To conclude this post, I want to quickly deviate a bit from XACML. Recently I spent a lot of time at a large prospect customer whose entire Identity Management system was built up around SPML and we all know how people have been claiming SPML is dead. A key requirement for this prospect was to serve the current deployment and deliver the provisioning capabilities via SPML but rip out and replace the backend. They had no intention on changing this interface! Clearly SPML is not dead, and neither is XACML and i doubt XML would disappear anytime soon. More likely is the turkey dead going in the oven. Happy Thanksgiving!

söndag 24 november 2013

Thoughts around Product Strategy

I have had reasons lately due to an upcoming workshop within my company, to give product strategy some thought. Product strategy is an important factor to the success or failure of a product or a suite of products and its important to stay on top of this, possibly fine tuning it to fit the needs of an identified customer base.

Setting a product strategy is a critical step when beginning the journey of a product or for that matter a set of products. The strategy defines and outlines the direction that needs to be taken but also the goal with a particular product.

Defining a product strategy is something that is part of the job as product manager and its necessary that this strategy answers some critical questions such as who will buy this product and why? What business problems and value does this product resolves for the customer buying it?

It is also however important to outline the minimal capabilities a product requires to fulfill customer needs, but also define the characteristics of why that product is better, or easier, or whatever unique selling point associated with the product might be.

The product strategy’s overall purpose is to help your company achieve corporate goals and therefore should be aligned to the corporate strategy. The corporate strategy should direct the goals for the product strategy. For maximum success, its extremely important that domain expertise is valued and is empowered by management within an organization developing a product. This is the job of the product manager. An unempowered product manager is a product manager that will struggle with his task. Ultimately the product will suffer and the team behind it will lose in morale. If the company strategy is weak in the sense of providing direction to product strategies, this may also impact the individual product strategies negatively.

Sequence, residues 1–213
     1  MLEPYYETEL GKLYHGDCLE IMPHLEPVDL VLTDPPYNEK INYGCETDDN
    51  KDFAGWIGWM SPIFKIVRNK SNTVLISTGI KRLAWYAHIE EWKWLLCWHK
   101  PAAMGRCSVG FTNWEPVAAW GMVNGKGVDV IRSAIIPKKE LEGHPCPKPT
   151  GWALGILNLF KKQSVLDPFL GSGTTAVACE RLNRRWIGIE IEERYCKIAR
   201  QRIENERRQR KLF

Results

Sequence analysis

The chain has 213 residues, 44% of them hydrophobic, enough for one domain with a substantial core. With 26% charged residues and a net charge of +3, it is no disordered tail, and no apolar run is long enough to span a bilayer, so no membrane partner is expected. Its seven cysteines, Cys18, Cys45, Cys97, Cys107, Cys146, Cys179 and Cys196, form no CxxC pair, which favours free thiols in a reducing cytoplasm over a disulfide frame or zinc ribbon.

Input should come from those able and capable of understanding the market segment. Getting good understanding of the competitive landscape is critical and its important to point out that this doesn’t not only applies to capabilities, features and ease of use etc but also to the pricing model as the basis for selling it.

Developing the product strategy, although owned by Product Management, involves multiple functions within the company and the close collaboration between these different functions. Often you will find conflicts between different functions which are necessary to be resolved or bridged. However, ownership should never be slipped into the hands of the others.

A product strategy should not be a 60 pages document outlining all details, but a message that answers the questions mentioned above in a concise and well articulated way and easy enough for everyone to understand to allow buy in. The roadmap and the execution or project plan is merely vehicles to reach the goal of the strategy, and if all goes well, the product provides a revenue stream for the company.